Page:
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A Few Book Updates—and a Deal You Won't Want to Miss
Hi everybody. So we are now four weeks away from the release of WHY WE LOVE BASEBALL, and so many cool things are happening. I’ll have plenty to share over these next four weeks — probably more than you want, but hey, this is my life right now! I’m going to tell you about an amazing promotion we have going … but if you stick around to the end, I’m also going to give you a Director’s Cut exclusive that was cut from the book last-minute!
That amazing promotion? Well, Barnes & Noble has come up with a WHY WE LOVE BASEBALL super special secret sale (alliteration!). If you preorder the book in the next two weeks from B&N, and enter the cracking cool covert code (more alliteration!*), you will get TWENTY-FIVE PERCENT OFF, a number so high that it automatically appears in capital letters.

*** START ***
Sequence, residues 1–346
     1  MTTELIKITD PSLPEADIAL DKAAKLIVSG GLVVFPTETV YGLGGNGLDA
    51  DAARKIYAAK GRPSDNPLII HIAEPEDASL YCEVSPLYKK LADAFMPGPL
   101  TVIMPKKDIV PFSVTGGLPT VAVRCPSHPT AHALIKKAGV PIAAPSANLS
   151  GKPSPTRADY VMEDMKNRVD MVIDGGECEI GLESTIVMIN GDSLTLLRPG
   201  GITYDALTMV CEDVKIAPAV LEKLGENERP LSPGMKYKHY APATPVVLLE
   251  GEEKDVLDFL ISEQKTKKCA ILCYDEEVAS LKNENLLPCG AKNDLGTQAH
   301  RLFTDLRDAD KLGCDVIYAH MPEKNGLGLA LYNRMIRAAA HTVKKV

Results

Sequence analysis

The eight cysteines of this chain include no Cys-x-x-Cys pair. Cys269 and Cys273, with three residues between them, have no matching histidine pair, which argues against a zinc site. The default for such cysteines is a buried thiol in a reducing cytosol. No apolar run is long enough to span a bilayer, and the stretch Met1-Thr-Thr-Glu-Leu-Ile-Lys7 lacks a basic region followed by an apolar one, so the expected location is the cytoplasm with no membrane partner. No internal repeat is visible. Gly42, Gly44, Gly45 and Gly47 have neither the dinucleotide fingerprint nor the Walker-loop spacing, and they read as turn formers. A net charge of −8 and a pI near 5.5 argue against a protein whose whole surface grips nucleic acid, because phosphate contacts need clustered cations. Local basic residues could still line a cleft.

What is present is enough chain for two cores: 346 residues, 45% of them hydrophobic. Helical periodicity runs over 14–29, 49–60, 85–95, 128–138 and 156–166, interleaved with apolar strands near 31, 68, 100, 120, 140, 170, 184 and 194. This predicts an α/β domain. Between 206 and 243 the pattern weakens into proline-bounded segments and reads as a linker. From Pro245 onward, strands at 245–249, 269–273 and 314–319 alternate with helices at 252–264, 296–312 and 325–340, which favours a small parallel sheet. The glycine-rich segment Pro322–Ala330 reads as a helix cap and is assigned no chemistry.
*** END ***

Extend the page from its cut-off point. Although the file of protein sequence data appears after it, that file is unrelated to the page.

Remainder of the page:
*I mean, are you getting your alliteration money’s worth in this newsletter or what?
The secret code is (looks around to see if anyone is watching): CATCH25.
And, yes, if you preorder the book anywhere, including Barnes & Noble, even with that TWENTY-FIVE PERCENT discount, you are eligible to get the exclusive bonus stuff. All you have to do is sign up here.
You might have noticed over the last few months that I have asked you to preorder the book once or twice or 10,438 times. I should probably explain that because it’s kind of weird to ask you to buy a book days and weeks and months before it actually comes out (and before you even know if it’s any good). This will be a little bit of a book insider thing, but let’s give it a shot.
The book business — like every business — has dramatically changed in the last few years, with the internet and social media explosion. I don’t need to tell you that there are many fewer bookstores out there. Used to be — like when I wrote my first book, The Soul of Baseball, in 2007 — there were bookstores EVERYWHERE. This is mainly because there were all these national bookstore chains like Borders, Waldenbooks, B. Dalton, etc.
All those places are gone.